Intel 10 Core i9 10900K Comet Lake – this probably seems excessive, but I needed the processor to be powerful enough for streaming high-end games (for example the ridiculous Skyrim mod pack with like 900 mods), since streaming a game is more intensive than just playing one. Also, editing videos is surprisingly intensive on the ol’ cores. I also don’t want to have to get a new processor for a good long time, and I am relatively sure this one has longevity.

I didn’t take a photo of the processor. It’s a processor. A small square thing that makes my computer do things. You know the deal.

The CPU Cooler

heatsink and motherboard in case

Noctua NH-D15 – Now, this I did take a photo of. Keeping your computer cool is SUPER important. The processor I got didn’t come with a stock cooler and I thought that making sure I take care of the most expensive bit of computer was worth investing in. I also know that cooling is often the largest source of noise in a PC build (my old machine sounds like it’s trying to use the fans to take off into flight), so I did a bit of research and invested more than I expected into a fan/heatsink that has really excellent cooling and is built for cooling. The company actually specialises in CPU cooling and are very highly rated.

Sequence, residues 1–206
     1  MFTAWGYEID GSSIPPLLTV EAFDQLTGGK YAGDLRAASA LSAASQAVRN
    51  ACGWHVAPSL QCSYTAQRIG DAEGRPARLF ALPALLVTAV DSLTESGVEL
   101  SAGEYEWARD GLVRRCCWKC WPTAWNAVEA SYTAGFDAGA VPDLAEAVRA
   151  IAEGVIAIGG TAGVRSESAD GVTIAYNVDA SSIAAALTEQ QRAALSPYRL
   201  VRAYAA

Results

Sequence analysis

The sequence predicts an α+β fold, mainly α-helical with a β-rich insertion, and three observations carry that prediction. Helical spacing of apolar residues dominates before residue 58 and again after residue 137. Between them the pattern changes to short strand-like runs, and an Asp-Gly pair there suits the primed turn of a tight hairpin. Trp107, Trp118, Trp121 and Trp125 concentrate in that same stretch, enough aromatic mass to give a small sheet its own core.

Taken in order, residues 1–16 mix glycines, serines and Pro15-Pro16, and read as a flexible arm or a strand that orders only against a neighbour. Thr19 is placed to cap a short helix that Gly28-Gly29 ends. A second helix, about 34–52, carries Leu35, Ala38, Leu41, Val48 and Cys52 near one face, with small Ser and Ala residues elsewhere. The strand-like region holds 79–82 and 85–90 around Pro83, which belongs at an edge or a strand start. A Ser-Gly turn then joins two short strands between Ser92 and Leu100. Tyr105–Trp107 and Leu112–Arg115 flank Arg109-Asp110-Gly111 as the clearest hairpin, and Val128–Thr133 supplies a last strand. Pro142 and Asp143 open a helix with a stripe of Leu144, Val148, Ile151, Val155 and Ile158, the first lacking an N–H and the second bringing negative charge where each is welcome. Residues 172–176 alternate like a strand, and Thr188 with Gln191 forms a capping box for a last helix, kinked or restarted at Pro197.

ouroboros holding a large heatsink

LOOK AT THE SIZE OF IT. It is as large as the head of my bestie, Ouroboros, who helped me with the build. I never imagined I’d be spending £75 on a fan when I was planning this build, but there you go. I gotta say, this computer, despite being my most powerful machine ever (I’ve never had a top-of-the-line machine before), it’s also the quietest and coolest running, and I think this fan/heatsink combo is a huge part of why.

noctua heatsink fan

It came with some thermal paste, which we used rather than buying any separately – I trust them to know what they are doing with all things CPU cooling.

The Power Supply

Corsair RM650 – I don’t know a lot about power supplies, other than what they do, in very vague terms (suck power out of the wall and shoot it into all the computer bits). I plugged all the components into a calculator tool and it told me I needed at least 450w to run the machine, which was good because I know having a good amount of headroom on your PSU is important, but 750w ones seem to be quite a lot more expensive than 650w. There also seems to be some kind of rating system (gold/silver/bronze) on PSUs, so my two criteria here were set – gold-rated (whatever the heck that even means) and 650w. This one had a lot of high reviews and Corsair are a well-known, trustworthy brand, so it became mine! No photos of this, it’s just a black cuboid.